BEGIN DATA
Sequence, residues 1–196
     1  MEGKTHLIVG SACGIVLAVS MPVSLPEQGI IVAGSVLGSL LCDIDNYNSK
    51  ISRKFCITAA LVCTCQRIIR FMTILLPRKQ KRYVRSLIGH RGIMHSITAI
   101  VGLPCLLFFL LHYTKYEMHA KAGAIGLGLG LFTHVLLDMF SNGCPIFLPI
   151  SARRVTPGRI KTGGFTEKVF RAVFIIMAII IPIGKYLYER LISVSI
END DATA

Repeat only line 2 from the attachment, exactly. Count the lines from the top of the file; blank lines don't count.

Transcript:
     1  MEGKTHLIVG SACGIVLAVS MPVSLPEQGI IVAGSVLGSL LCDIDNYNSK